Once again, no wonder when Fassel was answering questions about solving the Cowboys kicking conundrum, he said, "We've got Tristan on the roster and anybody else on Earth that's not on a team right now … is under consideration."


·      Lasting Memories: Was fortunate to be old enough to remember watching Jim Brown run roughshod over NFL defenders for the Cleveland Browns in the early 1960s. Gosh, defenders really didn't want to tackle him or even get in the way to try, having led the NFL in rushing during eight of his nine NFL season before retiring after the 1965 season with an NFL career high at the time 12,312 rushing yards. Also have this vision of Brown staring in the 1967 movie The Dirty Dozen, the 1967 account documenting how 12 convicts became a military unit during WWII and trained for suicide missions in advance of D-Day. Then there is this in 2007 while at the Pro Football Hall of Fame inductions, Jim Brown helped push the wheelchair of his right guard with the Browns, Gene Hickerson, who was suffering from Alzheimer's disease, onto the stage for induction. 

·      Fair Change: In the NFL's continued attempt to reduce injuries in the game, especially concussions, can't argue with the altered kickoff rule change, where the receiving team can signal for a fair catch as long as the kick passes the 25-yard line, resulting in a touchback with the possession starting at the 25. That will reduce the number of times the kicking team tries to place the kick in the corner of the field between the 10 and goal line to pin the returner down and potentially limit the return to less than the 25-yard line. NFL contends this one-year trial alteration will reduce the kickoff return rate from 38 percent to 31 percent and are projecting dropping the concussion rates suffered on kickoffs by 15 percent. Much better than jacking with the operation the way the XFL and USFL is doing.

·      Volunteers: No, not Tennessee, the participating members of the ensuing Organized Team Activities workouts that are underway for the Cowboys. While participation is encouraged, these are voluntary practices. Nothing in the offseason is mandatory until the three-day minicamp the first full week in June. Always brings me back to the days of what used to be called Quarterback School workouts that morphed into OTAs when Cowboys former linebacker Darren Hambrick infamously said after missing a couple of the workouts in the late 1990s when questioned about his absences, "What do voluntary mean?"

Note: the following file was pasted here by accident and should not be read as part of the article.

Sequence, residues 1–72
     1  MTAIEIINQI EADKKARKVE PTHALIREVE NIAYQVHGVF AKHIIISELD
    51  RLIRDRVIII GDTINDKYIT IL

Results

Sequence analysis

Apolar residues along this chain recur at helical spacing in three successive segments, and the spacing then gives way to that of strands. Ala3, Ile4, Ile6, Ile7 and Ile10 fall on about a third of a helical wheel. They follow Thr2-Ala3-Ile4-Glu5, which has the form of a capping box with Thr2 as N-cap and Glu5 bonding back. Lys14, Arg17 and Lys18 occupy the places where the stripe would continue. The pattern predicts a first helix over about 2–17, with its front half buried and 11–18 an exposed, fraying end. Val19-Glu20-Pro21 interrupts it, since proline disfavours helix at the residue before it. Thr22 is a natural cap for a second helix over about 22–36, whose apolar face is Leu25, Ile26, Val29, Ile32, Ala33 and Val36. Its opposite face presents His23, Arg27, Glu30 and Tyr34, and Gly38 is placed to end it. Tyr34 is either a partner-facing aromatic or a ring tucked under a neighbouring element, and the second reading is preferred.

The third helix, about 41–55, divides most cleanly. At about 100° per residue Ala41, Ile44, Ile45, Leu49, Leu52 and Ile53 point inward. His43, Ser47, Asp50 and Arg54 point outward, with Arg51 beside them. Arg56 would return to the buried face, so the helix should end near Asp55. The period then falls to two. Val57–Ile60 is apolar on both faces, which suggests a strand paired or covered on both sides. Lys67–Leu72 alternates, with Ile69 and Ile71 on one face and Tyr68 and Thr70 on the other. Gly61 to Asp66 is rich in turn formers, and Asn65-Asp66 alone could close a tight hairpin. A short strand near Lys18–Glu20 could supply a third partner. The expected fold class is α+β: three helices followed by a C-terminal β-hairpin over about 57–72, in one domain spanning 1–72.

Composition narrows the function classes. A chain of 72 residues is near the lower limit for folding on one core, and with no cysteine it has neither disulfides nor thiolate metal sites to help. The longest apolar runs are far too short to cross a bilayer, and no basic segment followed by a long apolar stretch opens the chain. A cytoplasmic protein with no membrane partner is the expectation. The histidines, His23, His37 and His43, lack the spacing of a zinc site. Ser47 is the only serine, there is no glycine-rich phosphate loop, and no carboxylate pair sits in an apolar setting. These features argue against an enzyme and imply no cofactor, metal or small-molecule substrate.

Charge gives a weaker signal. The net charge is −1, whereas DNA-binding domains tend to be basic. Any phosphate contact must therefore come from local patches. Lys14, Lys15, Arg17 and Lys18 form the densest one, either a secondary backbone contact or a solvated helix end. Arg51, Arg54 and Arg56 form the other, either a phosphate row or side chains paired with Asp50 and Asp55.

·      OTA Day: We get to watch our first OTA workout on Thursday, but since there is no blocking or tackling while players are wearing only helmets, jerseys and short, these practices are more about where guys are lining up. For instance, looking at the Cowboys offensive line with starting right tackle Terence Steele still rehabbing after his ACL surgery. The Cowboys finished the season with Tyron Smith returning from his injury to play right tackle. Still there? And from a seniority standpoint with Connor McGovern leaving in free agency, left guard is wide open. Matt Farniok and free agent Chuma Edoga probably will get the first chances there based on seniority. But this position likely will stage an allcomers meet with guys trying to play multiple positions like tackles Josh Ball and fifth-round pick Asim Richards. So, stay tuned.